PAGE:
Akyol challenges some Sharia-based popular narratives that defy the value of freedom, reminding us of Verse 256 of the second surah, Al Baqarah. The verse begins by proclaiming, “There is no compulsion in religion.” But Akyol shows that some clerics don’t agree with the broad implications of the verse, insisting, “No, actually, there is compulsion in religion.”
He also laments the increased Islamicisation of laws in countries such as Pakistan and argues that confusion between “adultery” (zina) and “rape” and requirements such as the testimony of four adult male eyewitnesses has not only created heart-breaking tragedies, but also led to serious concerns about the way religion is understood and practised.
Interestingly, unlike secularists in the Muslim world, Akyol proposes to “revive” the most important “political function” of Sharia. After giving various examples from Muslim history where Sharia prevented despotism, he suggests that what needs to be revived is the idea that a law is above all the states and rulers and everyone is accountable before it. The fundamental idea is, argues Akyol, that rights of humans are “above” all states, and states derive their legitimacy from protecting human rights.
Quoting more examples from Muslim history, the author maintains that the “golden age of Islam” — which Muslims often recall with nostalgia — had a secret: it “was exceptionally open-minded for its time”, and makes note of the Majlis al Munazarah [Salon of Debate] and Bayt al Hikmah [House of Wisdom] from the Abbasid Caliphate. Intellectuals from different religious backgrounds attended the meetings and debated theological matters without any fear. Freedom of speech, in other words, was not something that the early Muslims feared.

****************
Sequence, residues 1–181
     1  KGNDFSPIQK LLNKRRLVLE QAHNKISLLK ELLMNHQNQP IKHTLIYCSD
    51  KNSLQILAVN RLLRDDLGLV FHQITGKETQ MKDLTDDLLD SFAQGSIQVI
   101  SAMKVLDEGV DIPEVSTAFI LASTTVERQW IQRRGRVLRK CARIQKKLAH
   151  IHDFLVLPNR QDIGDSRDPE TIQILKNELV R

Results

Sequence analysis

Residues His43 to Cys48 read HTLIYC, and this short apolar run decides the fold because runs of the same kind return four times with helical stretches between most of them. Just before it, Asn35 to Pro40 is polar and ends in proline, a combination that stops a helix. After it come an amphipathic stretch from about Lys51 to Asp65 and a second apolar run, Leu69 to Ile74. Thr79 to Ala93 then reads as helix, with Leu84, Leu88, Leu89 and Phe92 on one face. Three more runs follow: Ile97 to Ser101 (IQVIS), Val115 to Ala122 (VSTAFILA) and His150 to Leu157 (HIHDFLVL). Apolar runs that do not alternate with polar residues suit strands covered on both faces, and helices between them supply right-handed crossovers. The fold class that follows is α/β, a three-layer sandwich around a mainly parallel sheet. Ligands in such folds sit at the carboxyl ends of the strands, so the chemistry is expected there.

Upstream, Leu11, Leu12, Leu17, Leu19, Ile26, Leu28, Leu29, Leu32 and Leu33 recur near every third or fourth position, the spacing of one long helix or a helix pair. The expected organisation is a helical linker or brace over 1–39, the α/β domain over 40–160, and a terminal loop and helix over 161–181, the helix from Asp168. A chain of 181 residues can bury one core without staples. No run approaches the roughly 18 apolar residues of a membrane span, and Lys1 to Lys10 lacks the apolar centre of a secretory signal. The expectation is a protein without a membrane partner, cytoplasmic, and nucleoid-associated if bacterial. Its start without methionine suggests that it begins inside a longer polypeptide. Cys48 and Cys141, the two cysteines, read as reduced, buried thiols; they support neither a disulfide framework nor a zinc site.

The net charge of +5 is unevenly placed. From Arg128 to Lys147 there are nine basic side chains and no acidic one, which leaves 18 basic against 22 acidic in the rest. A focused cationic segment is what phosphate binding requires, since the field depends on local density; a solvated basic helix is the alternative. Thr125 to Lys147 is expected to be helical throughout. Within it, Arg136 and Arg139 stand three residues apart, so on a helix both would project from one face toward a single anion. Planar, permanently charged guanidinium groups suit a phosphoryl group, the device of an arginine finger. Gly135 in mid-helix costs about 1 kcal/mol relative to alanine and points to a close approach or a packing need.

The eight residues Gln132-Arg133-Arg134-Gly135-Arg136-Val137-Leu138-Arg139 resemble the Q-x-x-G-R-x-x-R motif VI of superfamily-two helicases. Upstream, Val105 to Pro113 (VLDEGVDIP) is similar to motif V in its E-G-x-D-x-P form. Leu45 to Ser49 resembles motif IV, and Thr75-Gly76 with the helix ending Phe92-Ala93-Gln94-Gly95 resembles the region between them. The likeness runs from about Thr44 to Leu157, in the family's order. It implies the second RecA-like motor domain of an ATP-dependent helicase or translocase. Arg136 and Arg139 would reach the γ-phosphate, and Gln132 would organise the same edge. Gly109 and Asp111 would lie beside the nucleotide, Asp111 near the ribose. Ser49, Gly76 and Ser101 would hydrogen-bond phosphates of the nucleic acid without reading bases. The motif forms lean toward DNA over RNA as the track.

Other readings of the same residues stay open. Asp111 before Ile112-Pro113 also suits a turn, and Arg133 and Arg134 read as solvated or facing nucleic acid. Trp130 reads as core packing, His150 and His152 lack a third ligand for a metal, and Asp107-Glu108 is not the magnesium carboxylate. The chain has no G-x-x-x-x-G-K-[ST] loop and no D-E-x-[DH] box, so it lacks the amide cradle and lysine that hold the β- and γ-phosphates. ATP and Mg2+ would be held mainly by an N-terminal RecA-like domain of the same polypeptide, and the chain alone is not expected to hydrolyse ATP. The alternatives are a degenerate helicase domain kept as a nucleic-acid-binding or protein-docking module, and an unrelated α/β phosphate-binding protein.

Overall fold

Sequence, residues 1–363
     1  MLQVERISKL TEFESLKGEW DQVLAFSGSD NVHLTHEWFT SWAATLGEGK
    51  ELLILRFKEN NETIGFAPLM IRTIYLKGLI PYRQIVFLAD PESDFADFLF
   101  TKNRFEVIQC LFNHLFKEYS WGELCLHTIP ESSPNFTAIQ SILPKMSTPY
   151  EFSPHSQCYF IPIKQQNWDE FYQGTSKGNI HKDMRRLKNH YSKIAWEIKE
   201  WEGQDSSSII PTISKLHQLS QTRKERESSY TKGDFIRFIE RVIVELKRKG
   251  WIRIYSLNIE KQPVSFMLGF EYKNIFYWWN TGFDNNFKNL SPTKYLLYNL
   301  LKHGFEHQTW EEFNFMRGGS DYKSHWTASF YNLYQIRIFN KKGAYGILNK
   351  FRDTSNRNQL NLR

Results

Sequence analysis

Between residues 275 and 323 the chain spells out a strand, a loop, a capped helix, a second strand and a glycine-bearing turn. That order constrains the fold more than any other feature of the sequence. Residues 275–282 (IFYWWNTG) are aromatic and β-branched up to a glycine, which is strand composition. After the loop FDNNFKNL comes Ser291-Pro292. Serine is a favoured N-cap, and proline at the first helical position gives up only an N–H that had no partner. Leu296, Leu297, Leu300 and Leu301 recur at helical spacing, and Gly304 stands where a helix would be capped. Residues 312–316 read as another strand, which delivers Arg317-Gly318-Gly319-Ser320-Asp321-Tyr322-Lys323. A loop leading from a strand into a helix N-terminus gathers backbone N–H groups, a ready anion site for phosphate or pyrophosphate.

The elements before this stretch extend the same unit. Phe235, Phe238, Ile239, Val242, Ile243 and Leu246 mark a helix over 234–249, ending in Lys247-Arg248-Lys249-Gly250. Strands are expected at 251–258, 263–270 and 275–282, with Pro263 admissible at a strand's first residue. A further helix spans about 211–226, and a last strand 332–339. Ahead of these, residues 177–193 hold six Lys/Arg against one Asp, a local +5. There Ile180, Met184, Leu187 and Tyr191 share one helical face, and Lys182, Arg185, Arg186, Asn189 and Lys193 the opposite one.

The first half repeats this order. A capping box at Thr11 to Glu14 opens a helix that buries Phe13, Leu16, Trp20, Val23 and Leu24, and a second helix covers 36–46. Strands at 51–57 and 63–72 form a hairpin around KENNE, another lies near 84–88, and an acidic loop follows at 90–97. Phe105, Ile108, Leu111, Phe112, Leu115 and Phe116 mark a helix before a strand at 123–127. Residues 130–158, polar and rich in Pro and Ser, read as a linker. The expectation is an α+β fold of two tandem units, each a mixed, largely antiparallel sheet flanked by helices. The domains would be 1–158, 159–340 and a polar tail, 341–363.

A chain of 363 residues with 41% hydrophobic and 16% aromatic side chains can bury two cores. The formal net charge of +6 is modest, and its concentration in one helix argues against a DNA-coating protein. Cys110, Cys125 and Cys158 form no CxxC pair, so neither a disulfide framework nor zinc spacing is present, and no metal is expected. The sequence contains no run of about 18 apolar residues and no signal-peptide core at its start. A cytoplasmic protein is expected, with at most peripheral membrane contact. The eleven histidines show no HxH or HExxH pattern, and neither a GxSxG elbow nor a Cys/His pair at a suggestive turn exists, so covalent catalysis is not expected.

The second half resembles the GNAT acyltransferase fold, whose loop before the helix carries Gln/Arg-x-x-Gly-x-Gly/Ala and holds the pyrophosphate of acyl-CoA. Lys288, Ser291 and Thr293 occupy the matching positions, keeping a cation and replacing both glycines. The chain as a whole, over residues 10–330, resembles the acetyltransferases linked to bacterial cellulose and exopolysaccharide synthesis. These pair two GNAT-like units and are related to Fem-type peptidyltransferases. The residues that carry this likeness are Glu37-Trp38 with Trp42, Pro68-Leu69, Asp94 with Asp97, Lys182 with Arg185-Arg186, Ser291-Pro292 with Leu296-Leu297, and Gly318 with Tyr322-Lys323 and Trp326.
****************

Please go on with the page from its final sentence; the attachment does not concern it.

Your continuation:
In one chapter, ‘Islam’s Lost Heritage of Economic Liberty’, Akyol talks about capitalism, its definition and then introduces the idea of an “emphatically charitable Islamic capitalism”, which raises more questions than it answers. Capitalism, as we have seen historically, is not an abstract principle, but a system of class relations. The class relations — between the working class and the bourgeoisie — cannot be fixed through “institutionalised care and support for the poor and the needy.” In other words, putting the word ‘Islamic’ before capitalism can neither reduce the exploitation of capitalism, nor can it fix the global crises of capitalism.
Perhaps the most intriguing chapter in the book is the last one, ‘Is Liberty a Western Conspiracy?’. When they hear any argument for “liberty” (or, worse, “liberalism”), some Muslims immediately react, he says, suspecting an “imperialist agenda.” He also notes that this is quite understandable, because Western powers often used “spreading freedom” as a justification for colonialism. Here he boldly criticises France, Britain and the United States.
However, Akyol says, the exploitation of freedom doesn’t mean that freedom has no value. Then he reminds us of the “Islamic liberals” of the late 19th century, such as the Ottoman intellectual Namik Kemal or the Tunisian statesman Khayr al Din, who had admired Western liberties not for the sake of the West, but for the sake of Muslim societies, and by reconciling them with Islam.
“They were right, and they had an impact, but our trajectory has not yet gone right,” writes Akyol, speaking of those earlier “Islamic liberals.” Then he adds: “That is why, as a Muslim walking in the footsteps of those forefathers in the early 21st century, by honouring their sacrifices and sharing their hopes, I still defend liberty.”
** Why, As a Muslim, I Defend Liberty can be downloaded free of cost at www.libertarianism.org*
The reviewer is a research assistant at San Diego State University. He tweets @Farah_adeed
Why, As a Muslim, I Defend Liberty
By Mustafa Akyol
Libertarianism.org Press, US
Published in Dawn, Books & Authors, November 28th, 2021